MARTIN M. BOYCE, a self-styled occasional writer, is the winner of The Carolle Bourne Award for Literary Innovation for 2016.
Boyce won with “Thin Line Between,” a piece that meshes (or mashes) poetry and prose, Standard English with Nation Language, Barbadian culture seemingly with every culture—challenging them all along the way.
His father, Ralph, accepted the award, including a cheque for $500.00, on Boyce's behalf at the National Cultural Foundation's West Terrace office on December 7. Boyce was out of the island in Panama and unable to attend the presentation.
The Carolle Bourne Award recognizes a work of prose, poetry, or a play that best demonstrates artistic innovation, be it technical, thematic, interdisciplinary, or other. The award is sponsored by ArtsEtc and US-based Barbadian author Ronald A. Williams, and administered by the National Cultural Foundation in Bourne's memory.
Originally from St Vincent, Carolle Bourne (1937-2012) moved to Trinidad as a young woman and enjoyed a career composing advertizing copy before going on to journalism in the United States, where she divided her time between caring for her two sons and writing fashion promotions for Lit’s of Philadelphia and Gimbels of New York. After returning to the Caribbean in 1974, she settled in Barbados, and concentrated on short fiction, poetry, and art reviews for the local press. A keen supporter of culture, and well-known and respected across the visual arts and literary arts communities in Barbados, she was always on the sharp lookout for things new and different, trying to see who was putting an unusual or fresh spin on creativity—no matter the genre.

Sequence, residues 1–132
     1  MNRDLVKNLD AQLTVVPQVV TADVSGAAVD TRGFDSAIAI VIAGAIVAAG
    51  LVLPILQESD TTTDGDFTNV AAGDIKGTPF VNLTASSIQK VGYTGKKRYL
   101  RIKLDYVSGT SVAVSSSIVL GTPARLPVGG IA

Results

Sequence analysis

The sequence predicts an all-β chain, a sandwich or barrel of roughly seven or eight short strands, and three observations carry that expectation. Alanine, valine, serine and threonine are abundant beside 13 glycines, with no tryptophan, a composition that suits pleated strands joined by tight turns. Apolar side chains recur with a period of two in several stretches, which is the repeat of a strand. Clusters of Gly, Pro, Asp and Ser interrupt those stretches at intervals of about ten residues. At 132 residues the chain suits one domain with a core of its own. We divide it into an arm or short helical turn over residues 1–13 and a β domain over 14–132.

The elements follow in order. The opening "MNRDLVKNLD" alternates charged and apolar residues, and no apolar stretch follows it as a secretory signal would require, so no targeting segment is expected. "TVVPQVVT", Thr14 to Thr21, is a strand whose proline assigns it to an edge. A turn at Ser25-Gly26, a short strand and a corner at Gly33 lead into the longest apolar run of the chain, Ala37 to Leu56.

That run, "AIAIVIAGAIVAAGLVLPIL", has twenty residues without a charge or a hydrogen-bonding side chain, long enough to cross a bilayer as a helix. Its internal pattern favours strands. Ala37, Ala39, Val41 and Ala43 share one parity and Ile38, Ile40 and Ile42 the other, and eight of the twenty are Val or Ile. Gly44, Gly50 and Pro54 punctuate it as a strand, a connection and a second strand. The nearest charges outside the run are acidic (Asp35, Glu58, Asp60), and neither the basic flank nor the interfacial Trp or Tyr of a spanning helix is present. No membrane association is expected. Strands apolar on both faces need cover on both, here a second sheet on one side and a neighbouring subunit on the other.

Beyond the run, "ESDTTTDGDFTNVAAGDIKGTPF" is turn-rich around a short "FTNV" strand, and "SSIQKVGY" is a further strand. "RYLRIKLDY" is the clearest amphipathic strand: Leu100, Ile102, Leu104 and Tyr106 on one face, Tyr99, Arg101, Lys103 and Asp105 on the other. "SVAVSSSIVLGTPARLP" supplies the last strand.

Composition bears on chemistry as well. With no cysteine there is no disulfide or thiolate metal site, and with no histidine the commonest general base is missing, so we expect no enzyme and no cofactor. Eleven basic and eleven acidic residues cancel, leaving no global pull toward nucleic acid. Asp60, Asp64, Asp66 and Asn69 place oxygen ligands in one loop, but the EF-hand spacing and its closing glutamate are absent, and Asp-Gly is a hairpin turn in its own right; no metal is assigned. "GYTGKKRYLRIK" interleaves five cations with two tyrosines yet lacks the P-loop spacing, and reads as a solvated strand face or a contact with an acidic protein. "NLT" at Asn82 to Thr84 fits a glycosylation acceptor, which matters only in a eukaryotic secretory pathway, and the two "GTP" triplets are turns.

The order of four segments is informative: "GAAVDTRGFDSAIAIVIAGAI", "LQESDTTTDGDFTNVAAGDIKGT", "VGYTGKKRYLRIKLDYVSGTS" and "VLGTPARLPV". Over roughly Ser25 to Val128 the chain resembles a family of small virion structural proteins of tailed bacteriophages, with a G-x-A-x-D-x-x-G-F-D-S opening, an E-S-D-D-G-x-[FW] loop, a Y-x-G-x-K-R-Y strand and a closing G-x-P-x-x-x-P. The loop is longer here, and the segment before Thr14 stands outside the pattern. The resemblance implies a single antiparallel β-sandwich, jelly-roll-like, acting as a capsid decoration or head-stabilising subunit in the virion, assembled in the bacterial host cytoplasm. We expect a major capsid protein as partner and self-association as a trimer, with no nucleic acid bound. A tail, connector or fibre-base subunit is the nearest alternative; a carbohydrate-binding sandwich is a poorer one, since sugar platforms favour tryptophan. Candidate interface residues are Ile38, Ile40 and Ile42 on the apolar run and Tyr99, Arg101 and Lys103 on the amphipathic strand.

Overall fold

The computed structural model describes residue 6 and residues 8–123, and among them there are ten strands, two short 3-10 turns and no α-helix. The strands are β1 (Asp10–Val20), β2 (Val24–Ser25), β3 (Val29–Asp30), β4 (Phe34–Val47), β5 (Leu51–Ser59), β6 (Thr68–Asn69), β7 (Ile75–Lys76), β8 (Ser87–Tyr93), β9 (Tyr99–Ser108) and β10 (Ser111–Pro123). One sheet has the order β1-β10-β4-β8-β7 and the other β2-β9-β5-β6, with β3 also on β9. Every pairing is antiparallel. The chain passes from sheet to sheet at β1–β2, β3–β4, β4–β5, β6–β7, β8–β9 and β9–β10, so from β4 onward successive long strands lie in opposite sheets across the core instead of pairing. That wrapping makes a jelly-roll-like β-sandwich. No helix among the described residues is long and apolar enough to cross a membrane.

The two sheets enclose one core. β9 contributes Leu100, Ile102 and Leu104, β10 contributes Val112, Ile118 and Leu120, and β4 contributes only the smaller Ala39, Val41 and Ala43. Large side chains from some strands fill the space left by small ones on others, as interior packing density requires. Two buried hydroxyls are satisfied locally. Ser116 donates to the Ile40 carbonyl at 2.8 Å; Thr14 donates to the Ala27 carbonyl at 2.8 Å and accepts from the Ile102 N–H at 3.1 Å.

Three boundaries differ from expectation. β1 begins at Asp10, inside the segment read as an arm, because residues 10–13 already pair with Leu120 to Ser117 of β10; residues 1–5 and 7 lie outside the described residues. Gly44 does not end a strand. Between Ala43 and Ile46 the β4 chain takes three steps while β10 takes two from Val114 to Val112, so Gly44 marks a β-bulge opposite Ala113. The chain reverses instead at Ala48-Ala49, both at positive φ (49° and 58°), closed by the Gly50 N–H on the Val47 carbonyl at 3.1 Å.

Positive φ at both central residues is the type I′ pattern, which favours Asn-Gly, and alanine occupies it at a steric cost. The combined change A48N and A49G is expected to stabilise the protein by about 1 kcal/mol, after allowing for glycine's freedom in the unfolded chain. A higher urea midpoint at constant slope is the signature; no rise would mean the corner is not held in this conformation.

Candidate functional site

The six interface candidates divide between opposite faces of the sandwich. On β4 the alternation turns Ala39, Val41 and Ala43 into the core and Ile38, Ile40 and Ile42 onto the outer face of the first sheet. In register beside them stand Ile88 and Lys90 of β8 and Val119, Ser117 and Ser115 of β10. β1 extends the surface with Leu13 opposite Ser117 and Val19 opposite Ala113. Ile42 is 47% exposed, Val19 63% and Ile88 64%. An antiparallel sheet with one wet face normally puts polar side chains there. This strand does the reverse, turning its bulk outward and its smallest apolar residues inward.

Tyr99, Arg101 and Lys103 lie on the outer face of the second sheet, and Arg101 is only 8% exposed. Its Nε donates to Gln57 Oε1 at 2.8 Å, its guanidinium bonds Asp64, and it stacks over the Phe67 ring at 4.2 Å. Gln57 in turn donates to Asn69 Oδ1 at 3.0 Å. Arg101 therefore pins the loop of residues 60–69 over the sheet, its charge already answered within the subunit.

She was the author of Saraband (The Incomplete Works of Caroline Ravenspeare) (2003), which was shortlisted for the Frank Collymore Award in 2001 and won The Kamau Brathwaite Award for Poetry in 2002.
Boyce took home a NIFCA Incentive Award for Most Promising Poetry in 2012, when he won a gold medal for "The Bottle." His biosketch in The 2011/2012 ArtsEtc NIFCA Winning Words Anthology, in which the poem appears, reads in part: "...called 'The Red Ram' when his shadow stretches from under him, [he] can hurl a cricket bat at small moving objects with deadly accuracy, and drinks his mauby without sugar. Occasionally writes."
This is the third year The Carolle Bourne Award has been given. Past winners include Kwame Slusher (2015), whose story "How to Draw Her" will appear in the forthcoming The ArtsEtc Winning Words Anthology: NIFCA 2015-2016, and Adrienne Callender (2014) for her poem “Transhood,” which was published alongside other excellent work in The ArtsEtc Winning Words Anthology: NIFCA 2013/2014.